It’s been two months since COVID-19 restrictions were lifted, and for some people, including cabinet ministers, that means taking the old rules with a grain of salt – especially when it comes to face masks.
Though no longer required except on public transportation in London and in general healthcare settings, unless exempt, face masks are still recommended in crowded, confined spaces and many shops and cafes still require customers to put them on.
To wear a face mask isn’t always the most comfortable experience as you may know, but new research shows that masks not only protect others but also reduce your chances of contracting the coronavirus.
In fact, studies have shown that people who do not wear face coverings in confined spaces are 1.5 times more likely to be infected with coronavirus than those who do.
This is according to data from the Office for National Statistics, which looked at the characteristics of those who tested positive in the two weeks ending Sept. 11.
Wearing a well-fitting mask indoors “definitely protects other people from one’s own germs,” according to Professor Trisha Greenhalgh of the University of Oxford, with studies highlighting that it reduces viral emissions from coughing and sneezing by about 20-fold.
She said, “It would also be expected to protect the wearer to some extent ‘for example by reducing the amount of virus that you breathe in, thereby producing an asymptomatic or mild illness rather than a severe one’.
“If you do wear a mask, make sure it doesn’t have any gaps around the side, otherwise it is much less effective.”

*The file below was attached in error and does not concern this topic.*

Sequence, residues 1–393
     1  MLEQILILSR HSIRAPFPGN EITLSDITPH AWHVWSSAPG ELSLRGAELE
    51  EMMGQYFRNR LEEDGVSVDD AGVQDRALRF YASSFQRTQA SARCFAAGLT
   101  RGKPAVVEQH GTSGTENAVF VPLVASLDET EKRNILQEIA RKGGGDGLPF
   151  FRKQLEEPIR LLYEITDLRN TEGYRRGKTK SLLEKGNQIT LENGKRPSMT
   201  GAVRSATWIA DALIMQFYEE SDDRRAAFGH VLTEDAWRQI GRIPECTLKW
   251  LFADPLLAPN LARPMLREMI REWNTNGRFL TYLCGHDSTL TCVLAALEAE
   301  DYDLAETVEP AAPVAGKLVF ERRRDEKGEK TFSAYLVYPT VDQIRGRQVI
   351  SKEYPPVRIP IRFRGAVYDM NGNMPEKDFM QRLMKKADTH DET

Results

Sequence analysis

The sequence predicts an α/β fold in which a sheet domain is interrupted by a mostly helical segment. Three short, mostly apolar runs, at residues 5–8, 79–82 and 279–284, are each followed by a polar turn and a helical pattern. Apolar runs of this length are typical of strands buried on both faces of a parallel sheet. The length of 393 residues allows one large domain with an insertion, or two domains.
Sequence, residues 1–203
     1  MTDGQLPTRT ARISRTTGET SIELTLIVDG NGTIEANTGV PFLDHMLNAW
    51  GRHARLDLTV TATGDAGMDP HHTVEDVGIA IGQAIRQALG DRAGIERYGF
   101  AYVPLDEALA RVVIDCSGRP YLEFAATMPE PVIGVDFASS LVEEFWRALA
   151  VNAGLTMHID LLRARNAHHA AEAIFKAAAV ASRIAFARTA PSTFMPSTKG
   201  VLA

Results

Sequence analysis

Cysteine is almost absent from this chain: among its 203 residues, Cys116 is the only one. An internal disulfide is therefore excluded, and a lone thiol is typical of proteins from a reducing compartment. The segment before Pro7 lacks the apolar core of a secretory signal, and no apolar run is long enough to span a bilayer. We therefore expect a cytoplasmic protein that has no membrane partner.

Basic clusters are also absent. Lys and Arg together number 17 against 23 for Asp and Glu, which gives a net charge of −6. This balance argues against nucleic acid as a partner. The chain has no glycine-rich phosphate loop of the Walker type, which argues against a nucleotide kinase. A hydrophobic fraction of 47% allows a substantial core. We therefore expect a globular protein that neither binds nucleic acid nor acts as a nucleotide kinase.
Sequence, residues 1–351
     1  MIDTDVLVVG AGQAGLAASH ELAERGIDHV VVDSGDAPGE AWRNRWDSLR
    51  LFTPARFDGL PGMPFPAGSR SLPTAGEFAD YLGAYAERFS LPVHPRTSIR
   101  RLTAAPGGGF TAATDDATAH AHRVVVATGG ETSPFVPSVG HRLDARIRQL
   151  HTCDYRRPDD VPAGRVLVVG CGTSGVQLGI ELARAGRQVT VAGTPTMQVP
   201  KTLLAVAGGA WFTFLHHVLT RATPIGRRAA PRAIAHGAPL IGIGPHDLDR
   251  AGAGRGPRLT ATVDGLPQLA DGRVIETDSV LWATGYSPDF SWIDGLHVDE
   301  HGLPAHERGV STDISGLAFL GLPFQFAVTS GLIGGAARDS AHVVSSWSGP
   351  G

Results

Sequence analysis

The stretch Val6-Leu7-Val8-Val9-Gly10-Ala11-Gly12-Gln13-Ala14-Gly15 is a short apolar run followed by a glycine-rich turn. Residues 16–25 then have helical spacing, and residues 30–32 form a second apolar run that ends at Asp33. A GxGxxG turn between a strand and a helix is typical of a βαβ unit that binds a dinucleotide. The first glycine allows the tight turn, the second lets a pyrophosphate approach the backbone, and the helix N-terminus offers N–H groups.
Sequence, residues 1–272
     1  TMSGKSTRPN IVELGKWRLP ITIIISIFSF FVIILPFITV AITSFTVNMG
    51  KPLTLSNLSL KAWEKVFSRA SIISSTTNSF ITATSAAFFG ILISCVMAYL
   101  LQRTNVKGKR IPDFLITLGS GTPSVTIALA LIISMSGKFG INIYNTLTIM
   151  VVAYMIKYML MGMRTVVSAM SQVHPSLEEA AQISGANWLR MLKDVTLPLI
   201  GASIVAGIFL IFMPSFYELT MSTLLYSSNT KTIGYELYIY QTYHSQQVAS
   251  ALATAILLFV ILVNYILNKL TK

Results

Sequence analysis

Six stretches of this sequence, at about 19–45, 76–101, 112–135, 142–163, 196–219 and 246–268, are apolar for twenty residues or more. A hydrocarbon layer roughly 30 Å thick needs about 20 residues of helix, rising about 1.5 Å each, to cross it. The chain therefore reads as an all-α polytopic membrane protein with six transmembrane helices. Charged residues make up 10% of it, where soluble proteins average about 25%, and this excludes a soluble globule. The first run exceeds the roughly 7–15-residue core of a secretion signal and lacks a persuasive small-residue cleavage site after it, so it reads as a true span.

Yale University researchers also published the findings of a randomized controlled trial that took place in 600 villages in Bangladesh. Residents in some villages were given surgical masks, while those in others were given cloth masks.
According to Jason Abaluck, the study’s lead researcher, “in surgical mask villages, we saw a 12% reduction in Covid overall and a 35% reduction among those aged 60 and up.”
The most recent ONS report is based on the organization’s regular infection survey, which swabs a representative sample of households on a regular basis to track coronavirus. In the two weeks leading up to September 11, approximately 170,000 people were tested, with approximately one in every 90 testing positive.
According to the findings, people who had received one or two doses of a vaccine were less likely to test positive than those who had not been vaccinated. People who had previously been infected with coronavirus were also less likely to test positive than those who had never been infected with Covid-19.